UN Environment, Wildlife Trust of India Sign Memorandum of Understanding to Jointly Work Towards Protecting India’s Natural Heritage


Special emphasis on securing the future of India’s National Heritage Animal, the Asian elephant

UNEP, UN Environment, Right of Passage, 101 Corridors, Gaj YatraUN Environment Executive Director Erik Solheim and WTI Executive Director & CEO Vivek Menon signing the MoU at UN House 

New Delhi, February 19, 2018: Committing to collaborate across a range of initiatives aimed at protecting India’s natural heritage and specifically its National Heritage Animal, the Asian elephant, UN Environment (UNEP) and Wildlife Trust of India (WTI) have signed a Memorandum of Understanding (MoU).

The MoU emphasises WTI and UNEP’s shared goal of creating a blueprint to protect India’s wild elephants and their habitat, and specifically working to ensure their unhindered passage through the 101 vital migratory corridors identified across the country. UN Environment Executive Director Erik Solheim and WTI Executive Director & CEO Vivek Menon signed the MoU at UN House this evening, with UNEP Country Head Atul Bagai and members of the media in attendance.

India has about 27,000 wild Asian elephants (Elephas maximus); over 50% of the species’ estimated global population. Yet these natural nomads face an increasingly uncertain future in the country. The growing resource needs of India’s human population have led to the destruction and fragmentation of wild habitats, depleting the area available for elephants to roam and causing the loss of their traditional migratory paths.

Protecting elephants and securing their Right of Passage means protecting India’s carbon sinks, its sources of clean air and freshwater. This vital partnership with UNEP will lend a renewed focus and urgency to WTI’s efforts in this regard.” ~ Vivek Menon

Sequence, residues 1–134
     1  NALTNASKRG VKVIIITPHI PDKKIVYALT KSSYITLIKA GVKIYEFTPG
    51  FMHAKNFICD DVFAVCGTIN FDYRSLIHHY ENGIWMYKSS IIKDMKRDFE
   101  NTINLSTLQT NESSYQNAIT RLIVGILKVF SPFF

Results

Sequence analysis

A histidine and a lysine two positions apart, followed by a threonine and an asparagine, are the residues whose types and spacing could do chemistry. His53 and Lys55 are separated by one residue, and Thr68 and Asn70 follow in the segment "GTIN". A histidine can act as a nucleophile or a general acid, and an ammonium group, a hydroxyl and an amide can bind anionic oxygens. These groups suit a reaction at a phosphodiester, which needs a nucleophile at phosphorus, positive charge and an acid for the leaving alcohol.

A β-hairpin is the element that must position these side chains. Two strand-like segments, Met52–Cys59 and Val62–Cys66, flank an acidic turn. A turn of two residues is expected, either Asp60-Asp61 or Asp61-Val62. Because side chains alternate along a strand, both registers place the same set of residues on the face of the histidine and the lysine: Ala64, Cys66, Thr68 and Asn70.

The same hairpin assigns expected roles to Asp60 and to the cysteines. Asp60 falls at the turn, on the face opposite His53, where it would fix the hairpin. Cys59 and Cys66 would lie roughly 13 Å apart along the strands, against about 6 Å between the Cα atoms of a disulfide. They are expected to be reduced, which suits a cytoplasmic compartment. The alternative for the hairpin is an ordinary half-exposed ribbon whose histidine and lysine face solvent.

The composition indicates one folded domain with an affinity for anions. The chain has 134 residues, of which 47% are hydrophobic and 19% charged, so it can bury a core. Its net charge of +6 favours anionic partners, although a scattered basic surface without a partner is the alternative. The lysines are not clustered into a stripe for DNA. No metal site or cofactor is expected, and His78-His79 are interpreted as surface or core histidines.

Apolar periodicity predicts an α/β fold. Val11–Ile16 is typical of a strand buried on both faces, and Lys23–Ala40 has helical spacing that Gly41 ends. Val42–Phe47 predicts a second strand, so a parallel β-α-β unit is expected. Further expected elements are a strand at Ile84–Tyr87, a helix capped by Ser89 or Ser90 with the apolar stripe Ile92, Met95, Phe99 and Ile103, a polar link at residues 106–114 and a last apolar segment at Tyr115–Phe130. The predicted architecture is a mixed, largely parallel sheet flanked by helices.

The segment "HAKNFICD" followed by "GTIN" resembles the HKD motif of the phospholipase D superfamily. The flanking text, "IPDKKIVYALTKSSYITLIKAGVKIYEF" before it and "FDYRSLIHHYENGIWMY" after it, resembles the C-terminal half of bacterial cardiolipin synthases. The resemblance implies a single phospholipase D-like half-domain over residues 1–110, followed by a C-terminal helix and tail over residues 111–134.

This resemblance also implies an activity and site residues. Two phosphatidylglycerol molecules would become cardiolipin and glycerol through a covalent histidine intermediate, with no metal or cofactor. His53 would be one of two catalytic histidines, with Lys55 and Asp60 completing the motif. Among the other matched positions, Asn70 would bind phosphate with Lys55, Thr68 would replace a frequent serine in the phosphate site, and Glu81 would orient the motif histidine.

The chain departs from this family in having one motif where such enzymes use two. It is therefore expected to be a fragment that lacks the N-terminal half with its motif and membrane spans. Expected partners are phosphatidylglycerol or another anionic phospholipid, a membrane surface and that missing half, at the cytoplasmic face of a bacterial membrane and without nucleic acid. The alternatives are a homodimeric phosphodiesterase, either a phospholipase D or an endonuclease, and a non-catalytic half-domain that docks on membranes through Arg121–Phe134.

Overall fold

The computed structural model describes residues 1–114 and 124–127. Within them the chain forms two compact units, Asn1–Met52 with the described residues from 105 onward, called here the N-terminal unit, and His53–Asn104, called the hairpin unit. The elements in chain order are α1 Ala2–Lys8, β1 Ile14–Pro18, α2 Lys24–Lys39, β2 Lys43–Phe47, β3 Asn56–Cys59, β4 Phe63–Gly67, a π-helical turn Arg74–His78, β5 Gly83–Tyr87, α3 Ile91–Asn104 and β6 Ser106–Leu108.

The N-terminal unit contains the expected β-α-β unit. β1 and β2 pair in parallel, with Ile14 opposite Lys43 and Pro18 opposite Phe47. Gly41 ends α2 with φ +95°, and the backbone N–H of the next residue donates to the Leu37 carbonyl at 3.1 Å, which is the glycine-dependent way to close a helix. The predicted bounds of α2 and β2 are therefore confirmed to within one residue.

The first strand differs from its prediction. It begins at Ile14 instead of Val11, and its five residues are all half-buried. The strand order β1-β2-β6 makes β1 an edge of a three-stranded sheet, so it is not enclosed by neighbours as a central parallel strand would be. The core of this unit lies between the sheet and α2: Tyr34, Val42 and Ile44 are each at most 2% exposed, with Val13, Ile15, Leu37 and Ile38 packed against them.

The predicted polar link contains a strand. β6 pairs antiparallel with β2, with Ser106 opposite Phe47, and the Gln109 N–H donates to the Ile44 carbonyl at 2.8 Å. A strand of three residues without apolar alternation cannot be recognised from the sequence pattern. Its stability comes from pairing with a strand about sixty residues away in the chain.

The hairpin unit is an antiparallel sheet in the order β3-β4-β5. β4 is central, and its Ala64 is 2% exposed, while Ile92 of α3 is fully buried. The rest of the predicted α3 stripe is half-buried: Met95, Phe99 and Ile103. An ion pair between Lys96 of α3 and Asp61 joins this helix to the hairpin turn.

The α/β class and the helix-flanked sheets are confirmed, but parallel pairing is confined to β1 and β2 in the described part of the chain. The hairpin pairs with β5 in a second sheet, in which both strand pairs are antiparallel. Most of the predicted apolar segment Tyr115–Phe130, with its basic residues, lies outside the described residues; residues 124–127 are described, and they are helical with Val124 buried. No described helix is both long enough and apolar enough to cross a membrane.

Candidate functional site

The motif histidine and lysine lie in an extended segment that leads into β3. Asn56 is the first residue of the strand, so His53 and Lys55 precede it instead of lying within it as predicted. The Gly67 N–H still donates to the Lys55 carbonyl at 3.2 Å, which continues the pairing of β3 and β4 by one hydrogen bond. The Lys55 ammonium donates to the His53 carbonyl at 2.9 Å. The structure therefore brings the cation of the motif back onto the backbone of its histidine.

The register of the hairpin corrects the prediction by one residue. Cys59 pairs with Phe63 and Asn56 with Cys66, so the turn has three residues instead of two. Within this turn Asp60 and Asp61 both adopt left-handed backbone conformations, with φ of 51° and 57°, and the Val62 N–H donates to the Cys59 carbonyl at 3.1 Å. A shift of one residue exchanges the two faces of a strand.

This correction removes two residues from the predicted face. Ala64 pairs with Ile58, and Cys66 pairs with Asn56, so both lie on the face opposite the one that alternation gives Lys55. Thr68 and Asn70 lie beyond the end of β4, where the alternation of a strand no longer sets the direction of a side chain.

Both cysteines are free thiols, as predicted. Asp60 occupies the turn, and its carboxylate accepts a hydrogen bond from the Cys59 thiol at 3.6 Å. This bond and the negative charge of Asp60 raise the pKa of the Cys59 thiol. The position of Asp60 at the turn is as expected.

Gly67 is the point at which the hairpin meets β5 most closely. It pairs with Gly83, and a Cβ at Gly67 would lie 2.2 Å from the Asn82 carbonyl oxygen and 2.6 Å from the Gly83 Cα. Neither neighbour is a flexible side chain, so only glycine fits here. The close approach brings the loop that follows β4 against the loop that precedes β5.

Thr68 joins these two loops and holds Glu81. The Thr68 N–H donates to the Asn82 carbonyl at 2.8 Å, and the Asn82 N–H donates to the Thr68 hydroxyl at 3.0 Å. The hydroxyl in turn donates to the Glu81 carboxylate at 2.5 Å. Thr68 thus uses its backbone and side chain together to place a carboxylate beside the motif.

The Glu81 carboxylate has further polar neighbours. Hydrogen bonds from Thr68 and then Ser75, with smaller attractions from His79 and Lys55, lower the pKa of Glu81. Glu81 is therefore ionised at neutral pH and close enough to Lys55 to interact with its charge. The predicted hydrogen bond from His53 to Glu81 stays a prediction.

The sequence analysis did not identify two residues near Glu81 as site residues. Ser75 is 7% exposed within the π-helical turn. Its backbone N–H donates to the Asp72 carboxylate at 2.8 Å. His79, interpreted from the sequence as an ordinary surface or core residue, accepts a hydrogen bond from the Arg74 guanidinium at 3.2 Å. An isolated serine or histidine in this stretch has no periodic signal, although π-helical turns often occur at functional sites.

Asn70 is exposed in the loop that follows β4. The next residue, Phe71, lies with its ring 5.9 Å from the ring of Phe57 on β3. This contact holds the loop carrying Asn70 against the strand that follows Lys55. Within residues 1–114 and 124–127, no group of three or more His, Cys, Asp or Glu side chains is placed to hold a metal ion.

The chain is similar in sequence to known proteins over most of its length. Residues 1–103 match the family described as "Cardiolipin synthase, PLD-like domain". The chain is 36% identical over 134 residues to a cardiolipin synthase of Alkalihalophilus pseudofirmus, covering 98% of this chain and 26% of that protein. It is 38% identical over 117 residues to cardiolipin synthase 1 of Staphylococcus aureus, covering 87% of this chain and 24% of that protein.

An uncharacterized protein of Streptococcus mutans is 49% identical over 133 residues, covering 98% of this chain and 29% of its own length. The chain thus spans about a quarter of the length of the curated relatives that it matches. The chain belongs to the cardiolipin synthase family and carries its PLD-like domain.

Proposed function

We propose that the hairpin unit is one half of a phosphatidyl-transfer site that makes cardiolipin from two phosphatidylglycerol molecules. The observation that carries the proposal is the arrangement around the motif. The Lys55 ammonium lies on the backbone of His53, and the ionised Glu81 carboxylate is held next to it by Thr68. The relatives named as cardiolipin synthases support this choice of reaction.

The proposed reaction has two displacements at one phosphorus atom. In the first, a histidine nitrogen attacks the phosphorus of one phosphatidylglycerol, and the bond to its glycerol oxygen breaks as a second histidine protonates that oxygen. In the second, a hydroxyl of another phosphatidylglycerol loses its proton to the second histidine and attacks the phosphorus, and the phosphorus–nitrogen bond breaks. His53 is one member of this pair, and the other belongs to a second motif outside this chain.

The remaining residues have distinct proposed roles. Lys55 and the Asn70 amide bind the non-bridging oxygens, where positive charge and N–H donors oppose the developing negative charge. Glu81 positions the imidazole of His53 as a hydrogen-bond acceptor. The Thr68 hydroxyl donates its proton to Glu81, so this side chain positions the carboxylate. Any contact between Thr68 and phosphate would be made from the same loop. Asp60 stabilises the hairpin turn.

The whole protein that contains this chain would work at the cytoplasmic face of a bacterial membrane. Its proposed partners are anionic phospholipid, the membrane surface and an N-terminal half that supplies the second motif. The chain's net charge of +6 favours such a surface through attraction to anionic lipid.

Elephant corridors are vital natural habitat linkages that enable elephants and other wildlife to move through the degraded habitats lying between larger protected forests freely, without being disturbed by humans. With Asian elephants now occupying a meagre 3.5 percent of their historical range, securing these corridors has become a conservation imperative. WTI has been working with the Government of India’s Project Elephant, state forest departments, and national and global NGOs to secure and protect elephant corridors for over a decade through its Right of Passage project. Last year, in partnership with the International Fund for Animal Welfare (IFAW), WTI launched the ‘Gaj Yatra’, a campaign to raise mass awareness about the plight of elephants and build a groundswell of popular support for the securing of elephant corridors. WTI Brand Ambassador Dia Mirza, who last November was appointed UN Environment’s Goodwill Ambassador for India, has been championing right of passage for elephants and is a prominent face of the Gaj Yatra campaign.

“So much of India’s rich biodiversity depends upon the survival of our elephants”, said WTI CEO Vivek Menon. “They are the architects of our forests, from whence our rivers flow. Protecting elephants and securing their Right of Passage means protecting India’s carbon sinks, its sources of clean air and freshwater — which are essential to the nation’s future. Securing the country’s natural heritage is at the core of WTI’s mission and this vital partnership with UNEP will, I believe, lend a renewed focus and urgency to our efforts in this regard.”

“Fewer elephants are a sign of environmental disaster. It is vital that governments, local communities and industry work together to provide the breathing space that elephants need to thrive. Only then can we ensure human wellbeing and the survival of our ecosystems”, said Erik Solheim, United Nations Under-Secretary-General and Head, UN Environment.

“As WTI’s Brand Ambassador and UN Environment’s Goodwill Ambassador to India, it gives me immense satisfaction to see the two organisations initiate this close partnership”, said Dia Mirza. “Elephants are a keystone species and enabling their free movement through increasingly fragmented habitats is vital to the protection of India’s natural heritage. It’s time we give elephants their right of passage and I look forward to working towards this with WTI and UNEP, particularly by helping create mass awareness through the Gaj Yatra campaign.”

UNEP, UN Environment, Right of Passage, 101 Corridors, Gaj Yatra